Liver Bats Project

Bat in flight (Lawrence Armstrong)Conservationists know that there are bats across Merseyside but acknowledge that a lack of evidence on their numbers and distribution is hampering efforts to conserve them.

With that in mind, the North Merseyside BAP manager worked with the Merseyside and West Lancashire Bat Group to prepare a bid to the Awards For All lottery fund.

We were awarded £8,000 to kick-start a project to survey and monitor the bats of North Merseyside.

As part of the project – which we called Liver Bats – the bat group, in conjunction with North Merseyside councils, conducted a series of urban bat walks during which members of the public had the opportunity to use bat detectors and encounter bats in their local areas.

Fifteen people attended the event at Halewood Triangle, Knowsley on 19th July; a staggering seventy people turned up at Sefton Park, Liverpool on August 11th and another thirty-five were treated to an amazing show from bats around Sands Lake in Sefton on 13th August.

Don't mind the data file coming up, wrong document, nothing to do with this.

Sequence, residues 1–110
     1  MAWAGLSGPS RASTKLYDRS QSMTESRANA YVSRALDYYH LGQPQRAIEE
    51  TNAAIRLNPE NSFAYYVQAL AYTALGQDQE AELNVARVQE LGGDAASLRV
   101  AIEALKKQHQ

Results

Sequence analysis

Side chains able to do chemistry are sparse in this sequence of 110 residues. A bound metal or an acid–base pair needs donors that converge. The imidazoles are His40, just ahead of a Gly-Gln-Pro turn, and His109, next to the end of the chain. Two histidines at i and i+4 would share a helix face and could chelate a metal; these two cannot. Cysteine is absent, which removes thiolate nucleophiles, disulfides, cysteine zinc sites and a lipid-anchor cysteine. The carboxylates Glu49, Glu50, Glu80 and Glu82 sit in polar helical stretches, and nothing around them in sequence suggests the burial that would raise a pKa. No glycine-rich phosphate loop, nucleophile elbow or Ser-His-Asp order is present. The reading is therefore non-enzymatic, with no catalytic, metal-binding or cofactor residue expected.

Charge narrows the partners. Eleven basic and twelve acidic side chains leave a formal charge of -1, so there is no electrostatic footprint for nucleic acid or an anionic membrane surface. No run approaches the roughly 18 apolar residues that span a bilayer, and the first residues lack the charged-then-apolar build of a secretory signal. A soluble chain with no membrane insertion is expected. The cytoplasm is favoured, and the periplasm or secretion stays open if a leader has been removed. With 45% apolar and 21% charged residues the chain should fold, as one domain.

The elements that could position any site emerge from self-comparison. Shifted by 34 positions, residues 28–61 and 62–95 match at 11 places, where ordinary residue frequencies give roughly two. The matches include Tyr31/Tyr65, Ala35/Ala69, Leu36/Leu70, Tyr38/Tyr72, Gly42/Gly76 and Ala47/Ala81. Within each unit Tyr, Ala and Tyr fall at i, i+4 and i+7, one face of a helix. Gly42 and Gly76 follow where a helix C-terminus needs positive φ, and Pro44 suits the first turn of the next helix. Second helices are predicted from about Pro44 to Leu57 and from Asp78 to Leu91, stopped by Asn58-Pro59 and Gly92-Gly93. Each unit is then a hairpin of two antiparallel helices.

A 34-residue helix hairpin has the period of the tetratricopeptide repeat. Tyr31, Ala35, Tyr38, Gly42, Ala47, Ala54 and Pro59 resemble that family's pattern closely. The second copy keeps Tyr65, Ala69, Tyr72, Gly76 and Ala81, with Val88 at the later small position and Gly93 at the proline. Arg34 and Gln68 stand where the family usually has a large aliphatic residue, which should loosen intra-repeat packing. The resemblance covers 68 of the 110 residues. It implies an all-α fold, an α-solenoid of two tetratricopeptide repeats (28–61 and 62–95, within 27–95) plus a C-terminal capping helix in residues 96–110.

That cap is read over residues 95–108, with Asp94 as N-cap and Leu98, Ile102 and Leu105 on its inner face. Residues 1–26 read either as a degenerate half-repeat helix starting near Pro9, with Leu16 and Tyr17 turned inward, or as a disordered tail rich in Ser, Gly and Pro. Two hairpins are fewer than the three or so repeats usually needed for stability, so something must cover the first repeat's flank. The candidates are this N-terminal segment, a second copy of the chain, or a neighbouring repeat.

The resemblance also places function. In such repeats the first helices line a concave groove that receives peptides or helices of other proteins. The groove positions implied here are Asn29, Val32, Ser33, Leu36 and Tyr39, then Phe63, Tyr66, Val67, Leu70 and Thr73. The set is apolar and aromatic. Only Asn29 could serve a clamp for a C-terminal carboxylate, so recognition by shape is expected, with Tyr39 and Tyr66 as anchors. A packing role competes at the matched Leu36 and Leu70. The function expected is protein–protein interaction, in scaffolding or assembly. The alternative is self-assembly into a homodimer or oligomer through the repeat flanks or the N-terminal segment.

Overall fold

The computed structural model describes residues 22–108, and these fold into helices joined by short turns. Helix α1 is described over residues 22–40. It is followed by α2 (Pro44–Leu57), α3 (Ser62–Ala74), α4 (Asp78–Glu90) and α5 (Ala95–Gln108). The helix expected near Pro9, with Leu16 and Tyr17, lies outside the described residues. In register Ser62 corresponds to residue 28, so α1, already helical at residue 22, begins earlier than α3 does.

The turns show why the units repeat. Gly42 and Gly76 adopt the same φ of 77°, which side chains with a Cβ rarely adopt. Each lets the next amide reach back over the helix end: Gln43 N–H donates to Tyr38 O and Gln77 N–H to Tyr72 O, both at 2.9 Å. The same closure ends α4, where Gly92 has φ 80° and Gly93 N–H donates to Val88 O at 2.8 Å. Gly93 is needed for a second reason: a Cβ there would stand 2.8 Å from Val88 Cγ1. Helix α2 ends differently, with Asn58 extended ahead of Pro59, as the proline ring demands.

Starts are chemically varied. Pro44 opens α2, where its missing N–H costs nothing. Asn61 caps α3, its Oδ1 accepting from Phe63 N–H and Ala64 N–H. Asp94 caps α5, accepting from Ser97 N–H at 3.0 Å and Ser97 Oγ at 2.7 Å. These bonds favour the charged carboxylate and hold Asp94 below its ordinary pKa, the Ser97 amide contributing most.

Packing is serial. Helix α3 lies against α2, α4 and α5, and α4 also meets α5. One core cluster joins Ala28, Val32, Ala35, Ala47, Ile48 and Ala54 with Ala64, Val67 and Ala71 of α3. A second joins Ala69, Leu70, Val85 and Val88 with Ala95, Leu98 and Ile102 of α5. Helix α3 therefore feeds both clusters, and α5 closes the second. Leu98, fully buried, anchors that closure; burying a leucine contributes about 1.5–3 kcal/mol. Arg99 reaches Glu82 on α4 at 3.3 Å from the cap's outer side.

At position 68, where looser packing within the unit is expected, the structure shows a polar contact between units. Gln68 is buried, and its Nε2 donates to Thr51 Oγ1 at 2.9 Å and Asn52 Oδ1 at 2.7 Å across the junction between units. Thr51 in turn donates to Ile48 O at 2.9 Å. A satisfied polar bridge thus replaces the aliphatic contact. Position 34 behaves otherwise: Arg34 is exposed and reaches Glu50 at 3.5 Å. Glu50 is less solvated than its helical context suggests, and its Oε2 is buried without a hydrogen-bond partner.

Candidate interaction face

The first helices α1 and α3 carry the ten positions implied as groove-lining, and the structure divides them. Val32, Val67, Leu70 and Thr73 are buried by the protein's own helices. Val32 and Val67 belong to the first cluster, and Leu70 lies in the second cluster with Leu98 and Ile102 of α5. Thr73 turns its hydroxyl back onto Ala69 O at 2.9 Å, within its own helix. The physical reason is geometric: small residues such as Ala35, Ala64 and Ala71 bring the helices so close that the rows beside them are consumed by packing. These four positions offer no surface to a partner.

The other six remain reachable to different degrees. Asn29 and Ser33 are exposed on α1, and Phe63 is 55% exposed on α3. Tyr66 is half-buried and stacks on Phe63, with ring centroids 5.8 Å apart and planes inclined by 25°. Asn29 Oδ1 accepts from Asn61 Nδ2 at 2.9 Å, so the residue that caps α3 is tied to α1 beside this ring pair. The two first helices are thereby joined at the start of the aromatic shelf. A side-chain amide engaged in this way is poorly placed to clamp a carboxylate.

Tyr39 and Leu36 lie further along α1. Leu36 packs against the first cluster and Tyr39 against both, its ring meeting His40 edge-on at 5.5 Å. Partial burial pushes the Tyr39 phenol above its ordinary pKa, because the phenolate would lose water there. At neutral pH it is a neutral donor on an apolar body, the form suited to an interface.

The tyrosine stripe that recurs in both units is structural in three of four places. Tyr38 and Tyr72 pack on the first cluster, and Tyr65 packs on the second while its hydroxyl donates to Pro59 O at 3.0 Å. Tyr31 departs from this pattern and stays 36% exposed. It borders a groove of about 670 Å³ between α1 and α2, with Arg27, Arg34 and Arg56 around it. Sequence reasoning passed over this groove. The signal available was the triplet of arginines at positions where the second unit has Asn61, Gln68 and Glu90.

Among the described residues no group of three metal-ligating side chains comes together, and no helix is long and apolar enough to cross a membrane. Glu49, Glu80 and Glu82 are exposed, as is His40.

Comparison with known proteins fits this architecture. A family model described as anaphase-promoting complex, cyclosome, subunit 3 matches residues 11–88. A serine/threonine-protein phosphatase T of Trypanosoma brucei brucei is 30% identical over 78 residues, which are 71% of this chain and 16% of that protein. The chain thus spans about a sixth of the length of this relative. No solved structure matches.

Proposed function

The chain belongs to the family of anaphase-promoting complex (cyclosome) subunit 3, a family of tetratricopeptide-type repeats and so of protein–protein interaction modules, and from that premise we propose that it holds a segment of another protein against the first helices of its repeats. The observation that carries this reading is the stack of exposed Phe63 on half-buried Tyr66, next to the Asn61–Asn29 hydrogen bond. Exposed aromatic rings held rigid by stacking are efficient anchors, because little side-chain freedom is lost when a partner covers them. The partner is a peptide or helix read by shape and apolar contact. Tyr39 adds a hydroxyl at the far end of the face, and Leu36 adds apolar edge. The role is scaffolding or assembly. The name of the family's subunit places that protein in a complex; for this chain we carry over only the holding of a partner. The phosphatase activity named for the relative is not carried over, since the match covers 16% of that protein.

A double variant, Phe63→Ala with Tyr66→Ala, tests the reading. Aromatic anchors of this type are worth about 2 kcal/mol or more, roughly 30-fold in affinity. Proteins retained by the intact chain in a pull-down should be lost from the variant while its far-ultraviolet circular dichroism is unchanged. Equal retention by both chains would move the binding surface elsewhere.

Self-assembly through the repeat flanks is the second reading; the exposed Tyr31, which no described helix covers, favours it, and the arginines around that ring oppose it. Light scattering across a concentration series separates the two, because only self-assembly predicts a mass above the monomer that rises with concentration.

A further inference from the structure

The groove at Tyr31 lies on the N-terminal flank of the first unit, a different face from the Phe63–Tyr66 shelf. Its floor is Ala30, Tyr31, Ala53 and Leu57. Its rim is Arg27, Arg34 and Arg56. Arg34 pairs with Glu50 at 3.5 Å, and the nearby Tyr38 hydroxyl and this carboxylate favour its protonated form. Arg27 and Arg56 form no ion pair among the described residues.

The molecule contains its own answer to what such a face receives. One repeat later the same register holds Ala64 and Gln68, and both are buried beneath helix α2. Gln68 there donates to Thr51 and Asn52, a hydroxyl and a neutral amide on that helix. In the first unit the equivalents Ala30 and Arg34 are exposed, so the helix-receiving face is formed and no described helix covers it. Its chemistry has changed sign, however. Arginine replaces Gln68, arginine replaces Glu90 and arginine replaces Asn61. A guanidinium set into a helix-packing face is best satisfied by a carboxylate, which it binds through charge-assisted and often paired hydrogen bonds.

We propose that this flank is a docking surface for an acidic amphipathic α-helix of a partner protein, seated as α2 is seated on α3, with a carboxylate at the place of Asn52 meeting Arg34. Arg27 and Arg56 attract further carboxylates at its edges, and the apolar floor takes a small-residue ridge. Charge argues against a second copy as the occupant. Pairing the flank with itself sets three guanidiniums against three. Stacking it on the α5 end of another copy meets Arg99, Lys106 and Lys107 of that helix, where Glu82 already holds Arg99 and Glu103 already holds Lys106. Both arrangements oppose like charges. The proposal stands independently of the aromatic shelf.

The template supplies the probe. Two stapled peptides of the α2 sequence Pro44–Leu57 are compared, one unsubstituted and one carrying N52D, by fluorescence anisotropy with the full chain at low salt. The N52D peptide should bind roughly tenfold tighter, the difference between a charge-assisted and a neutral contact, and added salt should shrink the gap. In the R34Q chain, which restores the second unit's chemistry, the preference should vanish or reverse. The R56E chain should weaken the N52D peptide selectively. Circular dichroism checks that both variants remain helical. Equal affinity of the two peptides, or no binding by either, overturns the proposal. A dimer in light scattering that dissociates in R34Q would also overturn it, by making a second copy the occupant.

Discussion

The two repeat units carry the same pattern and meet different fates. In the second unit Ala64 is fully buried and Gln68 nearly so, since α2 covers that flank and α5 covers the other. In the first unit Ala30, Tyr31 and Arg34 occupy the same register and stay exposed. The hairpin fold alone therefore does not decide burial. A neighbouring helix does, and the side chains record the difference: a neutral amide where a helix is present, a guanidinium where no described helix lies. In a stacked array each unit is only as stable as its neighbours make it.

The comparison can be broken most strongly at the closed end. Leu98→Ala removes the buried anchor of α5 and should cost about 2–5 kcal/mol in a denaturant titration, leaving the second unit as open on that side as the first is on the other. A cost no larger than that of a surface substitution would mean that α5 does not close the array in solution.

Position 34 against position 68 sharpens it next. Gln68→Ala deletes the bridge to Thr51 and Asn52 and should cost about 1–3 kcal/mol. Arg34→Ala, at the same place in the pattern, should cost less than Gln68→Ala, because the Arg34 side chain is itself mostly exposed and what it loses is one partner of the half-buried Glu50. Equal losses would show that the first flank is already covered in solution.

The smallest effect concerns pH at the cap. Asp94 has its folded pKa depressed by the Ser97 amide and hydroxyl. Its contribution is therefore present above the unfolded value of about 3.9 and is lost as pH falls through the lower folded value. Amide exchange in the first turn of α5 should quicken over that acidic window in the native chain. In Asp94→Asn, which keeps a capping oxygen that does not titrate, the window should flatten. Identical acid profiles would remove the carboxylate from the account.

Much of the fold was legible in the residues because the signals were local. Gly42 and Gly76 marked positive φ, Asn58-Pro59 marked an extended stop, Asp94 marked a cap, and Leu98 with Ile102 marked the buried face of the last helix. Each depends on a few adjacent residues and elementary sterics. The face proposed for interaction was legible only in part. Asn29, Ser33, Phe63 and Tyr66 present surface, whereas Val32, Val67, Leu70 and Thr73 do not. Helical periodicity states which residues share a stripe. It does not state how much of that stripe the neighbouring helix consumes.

A fourth event took place in the borough of St. Helens early in 2008.

The main thrust of the project has been to train twenty volunteers to begin what we hope will become a regular monitoring project across North Merseyside.Most of the grant has been spent on equipment for the volunteers including a ‘bat detector’ for each of them.

Bat detectors pick up the ultrasonic sounds produced by bats and transform them into sounds that humans can hear.In this way, the volunteers will locate and identify the bats they encounter on 10 or so survey sites in Sefton, Knowsley, St . Helens and Liverpool.

Liver bats volunteersThe survey has been modelled on a similar successful project which the bat group started on the Wirral in 2006 and which is itself continuing and expanding in 2007 (with the help of a grant from Natural England).

During July, August and September, each team of two volunteers survey their allocated survey area a total of six times (twice in each month) following a protocol based on that for the National Bat Monitoring Programme. We are optimistic that the results of their work will inform efforts to conserve bats across North Merseyside in the years to come.

 

Richard Burkmar

 

Conserving Bats in Merseyside and West Lancashire